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Grasshopper Sparrow Nesting at Oakland

Junea W. Kelly
6 (November-December)
From Field and Study
Online Text

Grasshopper Sparrow Nesting at Oakland, June 16, 1944, Mrs. Enid Austin and I found the nest of a Western Grasshopper Sparrow (Ammodramus savannarum bimacula.&) on a southwest-facing hillside in the Oakland Hills near the junction of Joaquin Miller and Rydwood roads. The nest consisted of a small cup fashioned of fine grass stems situated at the base and on the lee side of a clump of perennial grass. The prevailing wind bad arched the stems of the grass over the nest. There were four eggs wreathed with reddish brown dots about the larger end.

Although the soil on this bill is rather poor, being formed from decomposing serpentine, a large variety of native flowers grow here and their blossoming season extends from early spring through summer. In August several species of eriogonum and of composites were at their height. These plants together with the grasses should insure an ample food supply. A few yards from the nest were some low plants of Artemisia califomica.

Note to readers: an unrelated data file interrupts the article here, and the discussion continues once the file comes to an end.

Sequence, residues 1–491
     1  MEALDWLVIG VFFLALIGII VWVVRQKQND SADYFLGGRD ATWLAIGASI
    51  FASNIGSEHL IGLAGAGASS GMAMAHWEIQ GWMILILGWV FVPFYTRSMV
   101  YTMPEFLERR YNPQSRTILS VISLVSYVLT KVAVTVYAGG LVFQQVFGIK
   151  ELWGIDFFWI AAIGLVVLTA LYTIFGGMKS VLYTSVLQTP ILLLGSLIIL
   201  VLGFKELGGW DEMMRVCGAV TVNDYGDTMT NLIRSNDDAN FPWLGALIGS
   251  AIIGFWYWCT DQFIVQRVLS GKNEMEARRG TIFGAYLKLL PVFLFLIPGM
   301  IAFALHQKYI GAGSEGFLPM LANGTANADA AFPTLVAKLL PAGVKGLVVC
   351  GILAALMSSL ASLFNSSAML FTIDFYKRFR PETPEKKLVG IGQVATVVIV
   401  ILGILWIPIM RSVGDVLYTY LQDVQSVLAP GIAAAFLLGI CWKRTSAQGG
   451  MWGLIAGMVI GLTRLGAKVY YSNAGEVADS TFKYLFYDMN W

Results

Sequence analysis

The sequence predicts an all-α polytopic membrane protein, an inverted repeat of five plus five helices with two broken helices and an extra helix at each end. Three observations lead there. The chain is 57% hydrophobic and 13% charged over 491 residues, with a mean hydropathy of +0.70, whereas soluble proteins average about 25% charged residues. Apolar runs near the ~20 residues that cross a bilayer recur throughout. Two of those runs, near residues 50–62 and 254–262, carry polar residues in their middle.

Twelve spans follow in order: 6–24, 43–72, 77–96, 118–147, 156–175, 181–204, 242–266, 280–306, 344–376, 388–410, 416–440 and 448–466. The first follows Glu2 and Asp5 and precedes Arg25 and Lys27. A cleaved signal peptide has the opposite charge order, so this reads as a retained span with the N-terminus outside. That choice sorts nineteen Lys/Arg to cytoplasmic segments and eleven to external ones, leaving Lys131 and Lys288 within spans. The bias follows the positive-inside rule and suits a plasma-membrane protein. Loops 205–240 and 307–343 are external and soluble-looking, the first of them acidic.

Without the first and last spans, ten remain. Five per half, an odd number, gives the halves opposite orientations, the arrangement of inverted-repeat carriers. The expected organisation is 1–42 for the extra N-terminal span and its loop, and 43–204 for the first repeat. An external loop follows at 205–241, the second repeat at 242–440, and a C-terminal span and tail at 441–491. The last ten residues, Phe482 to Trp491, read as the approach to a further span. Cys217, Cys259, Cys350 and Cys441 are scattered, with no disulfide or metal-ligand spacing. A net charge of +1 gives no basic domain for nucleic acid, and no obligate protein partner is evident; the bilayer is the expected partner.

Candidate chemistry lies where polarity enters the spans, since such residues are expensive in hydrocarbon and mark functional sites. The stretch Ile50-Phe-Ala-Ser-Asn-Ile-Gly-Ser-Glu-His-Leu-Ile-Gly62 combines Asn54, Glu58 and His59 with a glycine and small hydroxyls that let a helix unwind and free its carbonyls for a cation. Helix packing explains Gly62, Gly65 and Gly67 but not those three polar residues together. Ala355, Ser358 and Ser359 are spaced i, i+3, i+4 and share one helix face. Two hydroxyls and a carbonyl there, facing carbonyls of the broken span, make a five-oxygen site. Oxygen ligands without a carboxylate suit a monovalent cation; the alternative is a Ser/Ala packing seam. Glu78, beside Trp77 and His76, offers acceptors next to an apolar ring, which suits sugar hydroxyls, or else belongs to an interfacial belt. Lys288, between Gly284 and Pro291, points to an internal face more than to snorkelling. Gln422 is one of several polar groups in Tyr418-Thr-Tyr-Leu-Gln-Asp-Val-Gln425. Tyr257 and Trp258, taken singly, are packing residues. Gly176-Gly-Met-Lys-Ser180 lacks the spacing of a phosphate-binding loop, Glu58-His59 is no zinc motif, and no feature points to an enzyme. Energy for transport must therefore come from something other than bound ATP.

On June 25 there were only three eggs in the nest. On June 29 the young bad batched. At no time did we bear a bird of the species sing and the incubating bird was the only adult seen. The bird allowed us to approach within a few feet and on the first two dates flushed quickly and disappeared. On June 29 when it was disturbed, it fluttered over the ground, dragging its wings. On August 11 we collected the nest but neither heard nor saw a Grasshopper Sparrow.-JUNEA W. KELLY, Alameda, California, August 22, 1944. 

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